Newport Beach Harbor Commission recommends no jetpacks in harbor

Newport Beach Harbor Commission recommends no jetpacks in harbor

NEWPORT BEACH – Thrill seekers hoping to strap a jet engine onto their back and fly above the waters of Newport Harbor suffered a setback on Oct. 13 when the Newport Beach Harbor Commission unanimously supported an ad hoc committee’s recommendation to prohibit jetpacks in the bay.

The commission’s recommendation was made after a Water Propelled Vessel Ad Hoc Committee studied the use of jetpacks in Newport Harbor. The committee was chaired by Harbor Commissioner Bill Kenney along with Harbor Commissioner Duncan McIntosh.

At the Oct. 13 meeting, Kenney presented the committee’s findings and suggested the Harbor Commissioners recommend the City Council adopt a policy prohibiting “commercial and private operation of vessels propelled by water above the surface of Newport Harbor.”

“We’re a residential harbor. We always have to work toward balancing uses,” Harbor Commission Chairman Brad Avery said, who pointed out that unlike similar facilities in Long Beach or San Diego, Newport Harbor is home to 1,100 residences.

Two of the three speakers who addressed the commission supported the ad hoc committee’s suggestion to prohibit jetpacks in Newport Harbor.

“In our harbor, it’s just not a good fit,” said Billy Whitford of the Newport Aquatic Center.

Specifically, Whitford said he did not want to make a dreaded phone call to parents if a teenage member of the aquatic center was injured in an incident involving a jetpack user.

Speaking more broadly, Judy Cole urged the commission to accept the ad hoc committee recommendation in order to avoid a slippery slope in the future.

“This isn’t just about one business. It’s about the entire harbor,” Cole said.

Dean O’Malley, president of JetPack America, the only jetpack operator permitted in Newport Harbor, said the safety concerns were neither warranted nor based upon any evidence.

“Our safety record is impeccable. You compare our safety record to any other business out there we’re just as safe or safer. I think the perception of safety is the issue, not the actual safety,” O’Malley told The Log.

Interestingly enough, before Kenney revealed the ad hoc committee’s recommendation, he noted JetPack America was a member of the Newport Beach Chamber of Commerce and had an “excellent safety record.”

Still, noise and safety were cited as chief concerns. One question brought up was whether the high number of kayakers who use Newport Harbor would increase the risk of accidents occurring with jetpack users.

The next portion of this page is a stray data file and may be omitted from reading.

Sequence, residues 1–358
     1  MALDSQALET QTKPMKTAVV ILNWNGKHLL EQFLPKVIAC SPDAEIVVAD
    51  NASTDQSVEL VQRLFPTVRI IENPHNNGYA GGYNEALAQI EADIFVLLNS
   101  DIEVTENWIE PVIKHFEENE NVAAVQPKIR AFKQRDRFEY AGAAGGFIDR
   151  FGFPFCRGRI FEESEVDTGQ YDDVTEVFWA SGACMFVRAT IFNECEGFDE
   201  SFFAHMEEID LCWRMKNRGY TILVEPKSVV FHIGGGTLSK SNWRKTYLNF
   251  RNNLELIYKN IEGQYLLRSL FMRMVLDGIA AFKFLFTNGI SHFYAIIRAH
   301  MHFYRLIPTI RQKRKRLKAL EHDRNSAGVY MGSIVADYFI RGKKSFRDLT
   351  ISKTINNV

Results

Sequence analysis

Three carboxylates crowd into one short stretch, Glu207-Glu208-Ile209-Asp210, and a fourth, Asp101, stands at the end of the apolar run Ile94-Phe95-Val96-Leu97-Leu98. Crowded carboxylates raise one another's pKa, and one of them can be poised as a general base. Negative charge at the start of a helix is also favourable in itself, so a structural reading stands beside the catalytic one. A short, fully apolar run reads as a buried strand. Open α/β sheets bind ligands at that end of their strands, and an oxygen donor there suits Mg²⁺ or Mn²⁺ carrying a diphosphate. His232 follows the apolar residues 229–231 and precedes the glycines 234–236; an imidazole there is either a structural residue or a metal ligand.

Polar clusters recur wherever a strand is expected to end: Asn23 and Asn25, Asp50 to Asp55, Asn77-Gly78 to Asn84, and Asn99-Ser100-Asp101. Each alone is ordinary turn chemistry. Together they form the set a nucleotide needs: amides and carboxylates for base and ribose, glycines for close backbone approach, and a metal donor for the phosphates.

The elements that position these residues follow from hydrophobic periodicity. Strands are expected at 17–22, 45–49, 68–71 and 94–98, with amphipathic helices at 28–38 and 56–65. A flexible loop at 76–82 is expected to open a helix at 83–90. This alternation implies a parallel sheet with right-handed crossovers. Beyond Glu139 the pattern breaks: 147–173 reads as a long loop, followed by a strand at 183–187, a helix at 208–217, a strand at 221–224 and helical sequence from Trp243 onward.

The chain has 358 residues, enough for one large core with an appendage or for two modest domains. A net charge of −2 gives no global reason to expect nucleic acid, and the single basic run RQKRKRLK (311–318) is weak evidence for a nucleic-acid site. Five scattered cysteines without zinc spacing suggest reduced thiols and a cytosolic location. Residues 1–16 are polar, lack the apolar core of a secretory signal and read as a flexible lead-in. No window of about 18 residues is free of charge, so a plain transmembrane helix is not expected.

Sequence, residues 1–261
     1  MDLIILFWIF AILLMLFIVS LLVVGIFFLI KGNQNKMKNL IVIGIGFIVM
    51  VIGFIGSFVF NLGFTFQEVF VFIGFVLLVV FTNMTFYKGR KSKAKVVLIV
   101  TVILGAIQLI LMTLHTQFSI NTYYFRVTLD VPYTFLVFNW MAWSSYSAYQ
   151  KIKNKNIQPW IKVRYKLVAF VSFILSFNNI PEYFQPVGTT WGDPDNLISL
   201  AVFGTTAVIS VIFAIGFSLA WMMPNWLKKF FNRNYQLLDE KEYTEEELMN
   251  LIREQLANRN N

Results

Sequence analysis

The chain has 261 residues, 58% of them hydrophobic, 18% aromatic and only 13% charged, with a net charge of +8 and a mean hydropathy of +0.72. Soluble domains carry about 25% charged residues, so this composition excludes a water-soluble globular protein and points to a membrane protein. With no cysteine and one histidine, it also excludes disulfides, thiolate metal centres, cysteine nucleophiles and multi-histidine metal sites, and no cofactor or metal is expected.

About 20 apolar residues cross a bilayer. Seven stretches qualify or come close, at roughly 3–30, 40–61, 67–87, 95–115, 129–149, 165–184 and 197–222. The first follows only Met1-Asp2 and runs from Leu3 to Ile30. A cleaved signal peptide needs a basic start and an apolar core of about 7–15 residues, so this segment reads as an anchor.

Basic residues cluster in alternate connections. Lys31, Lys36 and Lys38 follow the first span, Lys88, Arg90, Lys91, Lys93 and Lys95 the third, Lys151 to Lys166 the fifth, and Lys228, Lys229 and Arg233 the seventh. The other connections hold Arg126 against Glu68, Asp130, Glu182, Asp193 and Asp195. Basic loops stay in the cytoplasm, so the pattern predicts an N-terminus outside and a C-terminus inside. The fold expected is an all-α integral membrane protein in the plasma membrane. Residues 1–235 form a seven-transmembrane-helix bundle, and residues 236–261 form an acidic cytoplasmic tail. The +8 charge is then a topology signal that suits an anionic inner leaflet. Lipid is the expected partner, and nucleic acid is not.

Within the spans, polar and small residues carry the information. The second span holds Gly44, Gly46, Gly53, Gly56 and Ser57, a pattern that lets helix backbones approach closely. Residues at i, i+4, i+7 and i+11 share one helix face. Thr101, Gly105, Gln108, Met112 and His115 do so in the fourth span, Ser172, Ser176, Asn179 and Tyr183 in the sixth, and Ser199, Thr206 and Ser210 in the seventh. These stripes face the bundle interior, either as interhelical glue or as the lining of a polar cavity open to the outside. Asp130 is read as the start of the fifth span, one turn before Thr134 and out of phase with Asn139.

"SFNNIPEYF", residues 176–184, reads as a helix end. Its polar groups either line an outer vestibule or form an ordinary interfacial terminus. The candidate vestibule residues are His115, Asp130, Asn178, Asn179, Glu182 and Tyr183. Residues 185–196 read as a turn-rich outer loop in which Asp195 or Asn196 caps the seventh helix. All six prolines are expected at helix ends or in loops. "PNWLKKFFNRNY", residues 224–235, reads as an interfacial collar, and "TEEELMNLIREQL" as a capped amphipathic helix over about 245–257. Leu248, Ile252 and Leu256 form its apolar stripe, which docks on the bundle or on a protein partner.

Other concerns included location of the jetpack operation, hours, pollution, commercial versus private use and the potential for a large wake.

The ad hoc committee added jetpacks could not be limited to a specifically designated area, require a lot of space to function and need to move around the harbor to mitigate noise.

O’Malley said he was “disappointed” by the ad hoc committee’s recommendation and Harbor Commission vote.

During the meeting, O’Malley told commissioners he is doing all he could to be a model corporate citizen.

“We are flexible. We understand we are a new user to the harbor, but we’re trying to be responsible to our neighbors,” O’Malley said. “This is a unique draw. We bring people into the city.”

Kenney commended O’Malley and Jetpack America for being “very cooperative,” but said the issue came down to safety and a limited amount of space to mitigate concerns.

Since the Harbor Commission’s vote is not final but instead a suggestion to the Newport Beach City Council, O’Malley and other jetpack operators still have a chance to have a presence in Newport Harbor.

O’Malley said while he would spend the next few weeks lobbying City Council to not vote in favor of the Harbor Commission’s recommendation, he is also preparing to move his business elsewhere.

“We’ve been working hard since day one to cooperate, participate in the conversation and find a reasonable setup that works not only for us but our guests and for the residents and city. They didn’t give us enough of a chance to show what we could do,” O’Malley said. “It would be unfortunate if we did get pushed out into the ocean. If that happens, we’ll most likely take our business elsewhere.”

The ad hoc committee recommendation would not impact the current permit allowing JetPack America to operate within Newport Harbor through May 2015. Instead, the recommendation, which only goes into effect if the City Council votes in favor of it, would ban future uses of jetpacks within Newport Harbor.

Suited in a shoulder harness, a jetpack user can be propelled off the water’s surface and, courtesy of a water-pumping hose, into the sky. The user can steer the device.

JetPack America is the only group permitted to offer these hovercraft devices. Its customers are only allowed to use jetpacks in non-federal channels.

McIntosh was not present at the Oct. 13 Harbor Commission meeting. Commissioner Joe Stapleton recused himself from the jetpack agenda item.

The United States Coast Guard had three representatives attend the meeting and stated the agency is still fact-finding and performing due diligence. Accordingly, the Coast Guard has not yet developed a policy on jetpacks.

With the Harbor Commission’s recommendation, the City Council could weigh in on jetpack regulation at one of its two November meetings.

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